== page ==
Co-Occurring Disorders: Addiction and Bipolar Disorder

It is difficult enough to come to terms with addiction in our lives. But sometimes, that is not all that is keeping us from experiencing a high quality of life. Some of us have a co-occurring disorder, also known as dual diagnosis. The most common dual diagnosis is an addiction and bipolar disorder. If we treat only the addiction, then the bipolar disorder will likely impact our recovery and vice versa.

Stigma: A Stumbling Block to Treatment

There is plenty of stigma about addiction. Even in the year 2019, movies, the media, and social media often paint a very denigrating picture of people who struggle with addiction. However, perhaps even more crippling is the stigma around mental illness. Even for people who don’t place immediate judgment when we tell them we have bipolar disorder, depression, or some other mental illness, there is little education about mental illness or how to help someone struggling with it. People just don’t know what to say or do to help.

Despite the fact that the National Alliance on Mental Illness (NAMI) reports that as many as one in five people suffers from a mental illness, there is still more fear than understanding amongst the general public. That changes every time we read or learn more about mental illness and every time we are willing to speak up for ourselves and our loved ones and educate others. Bipolar disorder isn’t a mark of shame, it’s a serious medical condition that impacts “normal” people like you and me.

What is Bipolar Disorder?

Bipolar disorder is a mood disorder in which the person experiences periods of both mania and depression, or “highs” and “lows.” These periods can last from a few days to weeks, months or even years. There can also be periods of “normalcy.”

Studies still continue as to exactly what goes on in the brain to cause the chemical imbalance which impacts our mood and behavior so significantly. A simple version of what happens in the brain is that serotonin levels are not properly regulated, which then inhibits normal function. Much like diabetes is a disease where so much is impacted by the body’s inability to produce or regulate insulin, bipolar disorder is where normal brain function is impacted by the inability to regulate serotonin.

There are different types of bipolar disorder, based on types of manic and depressed episodes. Everyone is different, some people suffer from chronic and debilitating depression, with only short spells of normalcy or some level of mania. Some people hardly have any depression, others never have a true manic episode, but rather experience hypomania.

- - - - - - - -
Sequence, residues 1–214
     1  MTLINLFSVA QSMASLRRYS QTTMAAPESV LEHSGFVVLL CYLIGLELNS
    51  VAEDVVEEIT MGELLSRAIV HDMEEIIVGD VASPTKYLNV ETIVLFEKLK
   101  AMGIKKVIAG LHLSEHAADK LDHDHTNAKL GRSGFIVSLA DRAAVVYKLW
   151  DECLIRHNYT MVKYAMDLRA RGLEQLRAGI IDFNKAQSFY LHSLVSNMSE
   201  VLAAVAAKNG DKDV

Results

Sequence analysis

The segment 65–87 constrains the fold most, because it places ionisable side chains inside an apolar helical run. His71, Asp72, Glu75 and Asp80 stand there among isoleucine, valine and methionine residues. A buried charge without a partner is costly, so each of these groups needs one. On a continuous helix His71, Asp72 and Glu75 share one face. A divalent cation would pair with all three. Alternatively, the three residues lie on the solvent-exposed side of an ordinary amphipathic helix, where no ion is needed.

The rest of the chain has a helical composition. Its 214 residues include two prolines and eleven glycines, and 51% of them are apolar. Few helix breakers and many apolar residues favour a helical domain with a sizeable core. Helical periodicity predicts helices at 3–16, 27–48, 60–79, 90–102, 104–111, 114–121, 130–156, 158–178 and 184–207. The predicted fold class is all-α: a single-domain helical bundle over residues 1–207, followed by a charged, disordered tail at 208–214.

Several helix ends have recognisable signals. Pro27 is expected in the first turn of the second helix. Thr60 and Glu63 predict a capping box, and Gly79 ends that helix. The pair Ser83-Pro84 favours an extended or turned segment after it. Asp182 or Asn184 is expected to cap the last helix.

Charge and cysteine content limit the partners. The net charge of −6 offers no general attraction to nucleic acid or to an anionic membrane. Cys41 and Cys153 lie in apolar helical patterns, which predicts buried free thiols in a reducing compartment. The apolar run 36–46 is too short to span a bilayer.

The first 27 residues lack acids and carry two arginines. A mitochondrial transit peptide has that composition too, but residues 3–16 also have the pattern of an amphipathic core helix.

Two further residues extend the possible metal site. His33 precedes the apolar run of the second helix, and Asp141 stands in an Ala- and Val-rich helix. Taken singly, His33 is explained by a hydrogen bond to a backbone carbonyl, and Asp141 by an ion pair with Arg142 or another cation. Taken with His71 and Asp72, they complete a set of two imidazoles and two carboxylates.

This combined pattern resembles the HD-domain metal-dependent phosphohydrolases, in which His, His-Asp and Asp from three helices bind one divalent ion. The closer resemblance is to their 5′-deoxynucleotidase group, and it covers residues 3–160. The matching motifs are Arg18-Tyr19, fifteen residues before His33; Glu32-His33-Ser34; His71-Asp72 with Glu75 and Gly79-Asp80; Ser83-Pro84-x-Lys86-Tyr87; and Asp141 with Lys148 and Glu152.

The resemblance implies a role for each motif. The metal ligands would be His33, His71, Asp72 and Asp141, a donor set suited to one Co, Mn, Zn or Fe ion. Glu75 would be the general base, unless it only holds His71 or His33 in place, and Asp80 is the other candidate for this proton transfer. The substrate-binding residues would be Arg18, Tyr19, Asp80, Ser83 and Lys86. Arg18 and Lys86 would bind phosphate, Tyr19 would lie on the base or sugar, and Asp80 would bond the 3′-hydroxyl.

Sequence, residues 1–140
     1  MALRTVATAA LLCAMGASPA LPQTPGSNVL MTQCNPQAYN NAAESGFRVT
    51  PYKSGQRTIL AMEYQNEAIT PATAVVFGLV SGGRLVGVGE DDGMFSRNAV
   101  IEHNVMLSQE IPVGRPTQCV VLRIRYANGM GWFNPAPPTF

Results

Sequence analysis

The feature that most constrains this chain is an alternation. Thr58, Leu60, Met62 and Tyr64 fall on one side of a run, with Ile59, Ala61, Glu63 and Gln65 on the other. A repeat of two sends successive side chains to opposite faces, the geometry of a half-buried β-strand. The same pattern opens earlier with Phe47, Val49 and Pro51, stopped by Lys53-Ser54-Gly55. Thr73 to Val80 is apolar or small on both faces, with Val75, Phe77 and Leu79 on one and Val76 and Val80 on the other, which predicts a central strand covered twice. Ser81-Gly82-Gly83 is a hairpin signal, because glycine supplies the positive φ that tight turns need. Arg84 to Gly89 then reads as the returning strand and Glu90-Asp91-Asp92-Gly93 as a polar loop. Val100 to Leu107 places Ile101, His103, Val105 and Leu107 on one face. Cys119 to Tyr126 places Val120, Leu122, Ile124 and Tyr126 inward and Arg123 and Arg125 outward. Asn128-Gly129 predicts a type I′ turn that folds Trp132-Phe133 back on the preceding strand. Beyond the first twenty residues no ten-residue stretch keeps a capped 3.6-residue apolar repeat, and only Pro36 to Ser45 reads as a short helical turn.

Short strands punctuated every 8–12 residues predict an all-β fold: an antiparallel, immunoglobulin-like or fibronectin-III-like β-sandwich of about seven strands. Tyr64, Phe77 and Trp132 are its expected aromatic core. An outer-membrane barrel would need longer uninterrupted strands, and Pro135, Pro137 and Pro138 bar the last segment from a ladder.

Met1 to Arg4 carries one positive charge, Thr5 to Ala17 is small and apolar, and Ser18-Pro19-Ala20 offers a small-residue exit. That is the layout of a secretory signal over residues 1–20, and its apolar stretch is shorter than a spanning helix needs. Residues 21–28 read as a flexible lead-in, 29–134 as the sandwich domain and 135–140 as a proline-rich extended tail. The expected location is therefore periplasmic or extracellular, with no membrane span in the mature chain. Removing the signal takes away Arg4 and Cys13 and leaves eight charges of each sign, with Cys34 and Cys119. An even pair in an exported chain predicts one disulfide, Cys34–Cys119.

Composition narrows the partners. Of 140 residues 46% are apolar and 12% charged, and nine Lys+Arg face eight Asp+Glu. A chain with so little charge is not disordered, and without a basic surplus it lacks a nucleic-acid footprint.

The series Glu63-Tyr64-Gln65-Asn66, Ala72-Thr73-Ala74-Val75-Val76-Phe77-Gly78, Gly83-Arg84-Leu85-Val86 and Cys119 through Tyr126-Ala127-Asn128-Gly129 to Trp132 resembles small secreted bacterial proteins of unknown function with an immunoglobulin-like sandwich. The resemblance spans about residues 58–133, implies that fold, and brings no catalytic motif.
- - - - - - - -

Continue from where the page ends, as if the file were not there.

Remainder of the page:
Hypomania is a period of time that can span from days to weeks in which the mood is elevated, there is less need for sleep, and these episodes are often filled with high productivity. However, there are often impulsive or risk-taking behaviors, especially spending or unusual sexual activity. However, some people are more irritable and angry when they have hypomania. A true manic episode is similar but more extreme, and often people exhibit a greater distance from reality and there is a higher risk of harm to self or others. For example, some people may think they can fly or do things that aren’t physically possible.

Depression is a little more well known and is more common within bipolar disorder. In fact, many patients are diagnosed with depression only, without realizing that the times that they felt a little too good were actually hypomanic episodes. This is a challenge because treatments for depression can actually worsen symptoms of bipolar disorder. Depression is more than just feeling sad, in fact, many people don’t feel anything at all. It is typically a period of time for more than a few days in which the person feels lethargic, tired, experiences less interest in things, and more. It is a physical condition, not just an emotional reaction to life events, even if some depression is brought on by outside triggers.

How Common is an Addiction and Bipolar Dual Diagnosis?

According to the Substance Abuse and Mental Health Services Administration (SAMHSA), up to 50 percent of people with bipolar disorder will develop a substance use disorder in their lifetime. People with co-occurring bipolar and addiction have the additional challenges of being less likely to respond to treatment and suffering from increased bipolar symptoms, such as higher highs and lower lows. Frighteningly, those of us with co-occurring bipolar disorder and addiction show more instances of hospitalizations and suicide attempts as well.

The most frustrating part of dual diagnosis is that so many of the symptoms are overlapping, so it takes a trained professional to properly make this diagnosis and provide the appropriate treatment. Both substances and treatment can worsen both the bipolar disorder and the addiction, and one of the symptoms of bipolar disorder is denial, which makes it even harder to get help.

The good news is that there is a solution. For someone battling on both fronts, there are places who understand and can help with co-occurring addiction and bipolar disorder. Enlight has the experience and support needed to help. If you or your loved one believe that there might be more than just addiction going on, call us today at (805) 719-7954 to speak to one of our admissions experts.

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